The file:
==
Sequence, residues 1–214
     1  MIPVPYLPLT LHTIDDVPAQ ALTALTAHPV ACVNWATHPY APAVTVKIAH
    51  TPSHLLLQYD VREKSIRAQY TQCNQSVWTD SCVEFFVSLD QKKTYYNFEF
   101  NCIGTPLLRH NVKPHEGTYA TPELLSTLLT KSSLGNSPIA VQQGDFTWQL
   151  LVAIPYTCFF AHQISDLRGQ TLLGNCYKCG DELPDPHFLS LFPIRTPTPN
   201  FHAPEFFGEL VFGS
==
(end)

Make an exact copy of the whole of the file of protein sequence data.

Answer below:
Sequence, residues 1–214
     1  MIPVPYLPLT LHTIDDVPAQ ALTALTAHPV ACVNWATHPY APAVTVKIAH
    51  TPSHLLLQYD VREKSIRAQY TQCNQSVWTD SCVEFFVSLD QKKTYYNFEF
   101  NCIGTPLLRH NVKPHEGTYA TPELLSTLLT KSSLGNSPIA VQQGDFTWQL
   151  LVAIPYTCFF AHQISDLRGQ TLLGNCYKCG DELPDPHFLS LFPIRTPTPN
   201  FHAPEFFGEL VFGS